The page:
Metropolitan News-Enterprise


Friday, February 4, 2011


Page 3


EEOC Says It Has Settled Harassment Case With Bus Company


By a MetNews Staff Writer


One of the nation’s largest school transportation companies has agreed to pay $150,000 to settle claims that it failed to protect females employees from sexual harassment and retaliated against them when they complained, the Equal Employment Opportunity Commission said yesterday.

The commission announced the settlement with Ohio-based First Student, Inc. According to its website, the company transports 6 million students in 42 states every day.

The EEOC had charged that four female employees at the company were sexually harassed, retaliated against or forced to quit.

According to the EEOC, a male supervisor at its facility in Los Angeles sexually harassed at least four women, including bus drivers and a human resources assistant. The supervisor began by making constant explicit remarks about their body parts and the sexual acts he wanted to perform on them.

The harassment turned physical when the supervisor exposed himself, grabbed the breasts of a bus driver and rubbed his private parts onto her, the EEOC charged.

The EEOC also charged that a male manager who received their complaints of harassment not only failed to correct the situation, but also disciplined one victim and transferred another in retaliation for complaining. The harasser cut another bus driver’s hours upon refusal of his advances and promised extra hours to female employees who might acquiesce, the EEOC said.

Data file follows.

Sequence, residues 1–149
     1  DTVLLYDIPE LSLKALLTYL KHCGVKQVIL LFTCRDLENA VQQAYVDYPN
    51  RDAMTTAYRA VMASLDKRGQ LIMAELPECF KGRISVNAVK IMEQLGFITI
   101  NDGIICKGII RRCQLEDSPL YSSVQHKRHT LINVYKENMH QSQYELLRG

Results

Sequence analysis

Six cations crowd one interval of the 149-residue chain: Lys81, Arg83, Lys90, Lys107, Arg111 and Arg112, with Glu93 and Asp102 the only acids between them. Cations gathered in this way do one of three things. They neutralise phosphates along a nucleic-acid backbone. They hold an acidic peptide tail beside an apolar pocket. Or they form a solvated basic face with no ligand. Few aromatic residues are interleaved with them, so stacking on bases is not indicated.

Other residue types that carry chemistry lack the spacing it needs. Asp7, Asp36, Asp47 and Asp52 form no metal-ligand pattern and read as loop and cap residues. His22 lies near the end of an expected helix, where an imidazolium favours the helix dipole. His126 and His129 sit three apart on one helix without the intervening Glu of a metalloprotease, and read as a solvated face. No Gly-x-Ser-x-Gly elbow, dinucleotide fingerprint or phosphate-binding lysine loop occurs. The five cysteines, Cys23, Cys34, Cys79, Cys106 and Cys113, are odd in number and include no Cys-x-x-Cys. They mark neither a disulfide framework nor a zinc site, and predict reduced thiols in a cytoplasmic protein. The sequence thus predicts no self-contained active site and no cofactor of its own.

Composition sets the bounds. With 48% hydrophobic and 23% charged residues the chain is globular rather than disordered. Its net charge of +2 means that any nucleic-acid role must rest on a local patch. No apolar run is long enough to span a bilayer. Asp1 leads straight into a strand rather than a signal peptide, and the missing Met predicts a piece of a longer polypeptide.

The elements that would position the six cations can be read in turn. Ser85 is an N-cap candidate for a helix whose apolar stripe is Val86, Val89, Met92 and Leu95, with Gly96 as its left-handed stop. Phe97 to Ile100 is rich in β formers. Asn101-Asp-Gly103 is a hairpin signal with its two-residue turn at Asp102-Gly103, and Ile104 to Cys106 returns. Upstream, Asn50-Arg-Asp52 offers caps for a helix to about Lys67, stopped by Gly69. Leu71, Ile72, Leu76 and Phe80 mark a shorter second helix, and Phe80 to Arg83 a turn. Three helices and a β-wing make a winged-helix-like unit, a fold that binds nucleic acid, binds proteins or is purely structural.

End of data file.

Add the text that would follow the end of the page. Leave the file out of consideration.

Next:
Three of the victims felt forced to resign as a result of the ongoing harassment, constituting constructive termination, the commission charged.

The company contested the charges, and the commission filed suit in September 2009 in the U.S. District Court for the Central District of California.

In addition to the penalty, First Student agreed to a consent decree, valid through 2012, which requires it to hire an outside EEO consultant to revamp its policies, complaint procedures, investigations and training of its employees on sex discrimination, harassment and retaliation.

First Student must also require supervisors to report such complaints to the human resources department within 24 hours of receipt and create a centralized tracking system for those complaints, the commission said, explaining that the decree covers First Student locations in Los Angeles and Orange counties, and the EEOC will monitor compliance.

“Last year, retaliation charges became the number one type of complaint that the EEOC received,” Olophius Perry, district director for the EEOC’s Los Angeles District Office, said in a statement

“The increase signals a widespread problem wherein employers seem to choose retribution over working toward eliminating the sources of discrimination in the workplace,” Perry said. “Employers must understand that workers have the right to complain, and it is illegal to retaliate against those that do.”

The case is EEOC v. First Student, Inc., CV 09-7102 RVBKx.


Copyright 2011, Metropolitan News Company